North Palisade (14,242 feet), via U-Notch Couloir and Chimney Variation

Where: Palisades, Sierra Nevada, California
When: June 2006
Partners: Rick Kent
Route: U-Notch Couloir & Chimney Variation (5.4 & Steep Snow)
Mileage/Gain: 18/6,200

Rick and CP

On a beautiful June morning in 2006, Rick Kent and I load up our heavy packs and headed up the North Fork of Big Pine Creek for a go at North Palisade via its most classic route, the U-Notch Couloir (and Chimney Variation). We'd be doing the trip as an overnighter, as we also hoping to bag Polemonium Peak.
Aaaah, Temple Crag

As I've always found the trail, its scenery is reasonable until you approach Second Lake. There, the high, craggy mountains explode out of the earth, wild flowers are in bloom beyond belief, and the lakes become more frequent and more beautiful.
Third Lake, and the gully leading up to Gayley Camp

Near Third Lake, we left the trail and worked over to Big Pine Creek. As one might imagine in early summer, we found it flowing hard. The crossing would be interesting, particularly considering our massive packs.
Crossing Big Pine Creek

With a delicate crossing of the creek, we gained the large snowfield that would take us alongside Temple Crag and up to Gayley Camp at the edge of the Palisade Glacier.
Heading up to Gayley Camp

After what seemed like a longer slog than it should have been, we eventually arrived in camp. There, we got a grand view of our objective. Our route, the U-Notch Couloir, was plainly visible to the left of the uber-impressive North Palisade.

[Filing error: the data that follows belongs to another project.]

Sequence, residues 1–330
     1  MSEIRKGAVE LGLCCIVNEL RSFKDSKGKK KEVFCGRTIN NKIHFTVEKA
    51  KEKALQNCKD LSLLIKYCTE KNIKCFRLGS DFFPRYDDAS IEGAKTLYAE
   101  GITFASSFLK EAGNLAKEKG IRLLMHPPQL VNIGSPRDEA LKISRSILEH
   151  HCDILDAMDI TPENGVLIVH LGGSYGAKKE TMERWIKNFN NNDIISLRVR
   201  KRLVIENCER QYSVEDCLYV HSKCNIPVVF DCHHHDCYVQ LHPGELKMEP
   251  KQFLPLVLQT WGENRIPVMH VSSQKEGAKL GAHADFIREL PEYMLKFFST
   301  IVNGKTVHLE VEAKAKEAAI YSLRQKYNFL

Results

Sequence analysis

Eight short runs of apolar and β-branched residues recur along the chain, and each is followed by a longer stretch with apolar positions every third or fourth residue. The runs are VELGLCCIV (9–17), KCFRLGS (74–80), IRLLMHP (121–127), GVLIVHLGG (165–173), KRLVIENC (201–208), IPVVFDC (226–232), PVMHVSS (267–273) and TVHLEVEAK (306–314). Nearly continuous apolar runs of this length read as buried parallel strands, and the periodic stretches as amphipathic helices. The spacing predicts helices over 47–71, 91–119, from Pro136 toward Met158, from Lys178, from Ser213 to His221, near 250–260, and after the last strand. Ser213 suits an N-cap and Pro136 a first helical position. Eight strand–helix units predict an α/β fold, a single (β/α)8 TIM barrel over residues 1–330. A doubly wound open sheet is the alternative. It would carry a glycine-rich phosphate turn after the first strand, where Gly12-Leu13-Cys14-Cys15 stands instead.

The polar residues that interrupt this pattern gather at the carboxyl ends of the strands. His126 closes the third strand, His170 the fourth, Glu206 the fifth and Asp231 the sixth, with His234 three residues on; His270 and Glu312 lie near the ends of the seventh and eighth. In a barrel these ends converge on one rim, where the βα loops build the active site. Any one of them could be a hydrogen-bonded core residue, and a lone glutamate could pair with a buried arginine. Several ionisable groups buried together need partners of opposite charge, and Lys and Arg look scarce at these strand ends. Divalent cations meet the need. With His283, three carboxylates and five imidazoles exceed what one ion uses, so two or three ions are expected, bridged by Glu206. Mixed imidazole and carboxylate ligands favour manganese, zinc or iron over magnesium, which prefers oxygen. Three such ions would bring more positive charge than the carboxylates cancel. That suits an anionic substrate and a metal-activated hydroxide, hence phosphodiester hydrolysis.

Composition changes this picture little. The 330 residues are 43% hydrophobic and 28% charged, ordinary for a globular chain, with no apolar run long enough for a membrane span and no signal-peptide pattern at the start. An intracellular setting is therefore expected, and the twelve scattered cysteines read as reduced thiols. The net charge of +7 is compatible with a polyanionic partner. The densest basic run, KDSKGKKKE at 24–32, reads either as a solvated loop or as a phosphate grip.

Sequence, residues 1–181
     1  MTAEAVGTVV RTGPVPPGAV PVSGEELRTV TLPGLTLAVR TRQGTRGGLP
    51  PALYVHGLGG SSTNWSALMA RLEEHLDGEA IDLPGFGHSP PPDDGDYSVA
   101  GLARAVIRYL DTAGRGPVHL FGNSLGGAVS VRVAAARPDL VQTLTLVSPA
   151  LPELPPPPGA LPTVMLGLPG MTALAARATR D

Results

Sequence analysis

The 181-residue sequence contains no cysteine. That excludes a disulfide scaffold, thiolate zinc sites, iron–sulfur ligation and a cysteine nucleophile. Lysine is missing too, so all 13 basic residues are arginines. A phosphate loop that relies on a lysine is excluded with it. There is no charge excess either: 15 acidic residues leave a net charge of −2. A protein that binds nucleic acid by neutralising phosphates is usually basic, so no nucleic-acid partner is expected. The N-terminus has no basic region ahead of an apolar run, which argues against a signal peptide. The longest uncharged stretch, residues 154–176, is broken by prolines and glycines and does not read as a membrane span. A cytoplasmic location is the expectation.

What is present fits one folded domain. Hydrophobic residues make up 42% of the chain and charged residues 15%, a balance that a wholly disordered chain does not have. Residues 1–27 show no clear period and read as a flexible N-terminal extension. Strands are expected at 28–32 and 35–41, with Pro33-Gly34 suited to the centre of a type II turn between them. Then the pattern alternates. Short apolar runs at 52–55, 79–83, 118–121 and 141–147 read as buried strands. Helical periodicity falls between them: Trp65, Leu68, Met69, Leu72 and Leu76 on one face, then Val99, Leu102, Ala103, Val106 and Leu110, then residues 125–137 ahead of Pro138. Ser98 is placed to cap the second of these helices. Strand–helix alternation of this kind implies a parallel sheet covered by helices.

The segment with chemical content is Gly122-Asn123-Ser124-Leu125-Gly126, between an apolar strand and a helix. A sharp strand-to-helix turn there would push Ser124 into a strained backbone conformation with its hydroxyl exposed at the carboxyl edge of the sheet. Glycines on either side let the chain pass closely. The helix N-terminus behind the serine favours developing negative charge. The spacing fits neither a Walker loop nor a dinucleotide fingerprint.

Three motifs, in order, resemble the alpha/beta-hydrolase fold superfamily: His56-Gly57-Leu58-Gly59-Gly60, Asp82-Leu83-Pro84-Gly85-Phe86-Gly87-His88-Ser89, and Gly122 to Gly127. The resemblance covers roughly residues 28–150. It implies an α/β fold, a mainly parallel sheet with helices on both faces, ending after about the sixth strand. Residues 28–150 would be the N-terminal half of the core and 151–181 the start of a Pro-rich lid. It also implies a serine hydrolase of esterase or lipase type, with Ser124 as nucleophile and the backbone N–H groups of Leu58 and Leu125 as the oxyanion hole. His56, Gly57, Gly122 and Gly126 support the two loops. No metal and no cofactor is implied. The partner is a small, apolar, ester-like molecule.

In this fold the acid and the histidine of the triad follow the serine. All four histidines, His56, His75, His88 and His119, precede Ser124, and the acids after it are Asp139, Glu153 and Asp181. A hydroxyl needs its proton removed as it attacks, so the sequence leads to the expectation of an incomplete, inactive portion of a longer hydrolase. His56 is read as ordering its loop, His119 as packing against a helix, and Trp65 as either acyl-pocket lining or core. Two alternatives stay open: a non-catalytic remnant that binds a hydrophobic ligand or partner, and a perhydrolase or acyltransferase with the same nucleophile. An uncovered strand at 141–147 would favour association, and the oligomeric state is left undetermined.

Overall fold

The Palisades from Gayley Camp

Rising early the next morning in anticipation of a long day, we donned our snow gear and started across the glacier. With only very minor crevasses to step across, we soon reached the bergschrund at the toe of the U-Notch.
CP at the Palisade Glacier bergschrund

Working right toward a snowbridge that would give us access to the steep slopes of the couloir, I stepped into a hidden crevasse and plunged to my upper torso. Yikes! Even benign glaciers can sometimes hold hidden surprises!
CP popped into a crevasse!

Climbing out of the crack like a dope, we climbed across the steep snowbridge and gained the couloir. And with light beginning to show in the morning sky, we began to climb.
Heading up the U-Notch Couloir

Reaching the top of the couloir without incident, we got our first look at the 5.4 chimney that would be the next part of our route. Looked pretty good, actually. Two pitches of easy technical rock that would yield to scrambling terrain all the way to the summit.
The Chimney Variation (5.4, 2 pitches)

Pulling out the rope, Rick volunteered to lead. Sure thing. So I followed.
Following the first pitch

At the top of the second pitch, we ditched the rope and looked around to figure out the rest of the route. It appeared a bit of wandering over and around boulders and then a short traverse would be us in the bouldery and semi-convoluted terrain that comprised the highest rocks.
Above the Chimney Variation, a scramble to the summit

Dispatching that without trouble, Rick and I were delighted to find the final scramble amongst the summit routes to be rather interesting. Before long, we were on the summit of this classic and hard-earned Sierra Nevada peak!
On the summit of North Palisade

Looking south to Polemonium Peak and Mount Sill, then north to Starlight Peak, its summit block ("the Milkbottle"), and over to Thunderbolt Peak's awesome summit block, one we'd scaled only the summer before, we were blown away by the ruggedness of the aesthetic topography.
The Sierra Crest toward Starlight Peak

In keeping with my long-standing tradition, I pulled out the summit register and signed the bogus name of Warren Buffett. Then after a lunch, it was time to move on...!
CP (aka 'Warren Buffett')


*Photos courtesy of Rick Kent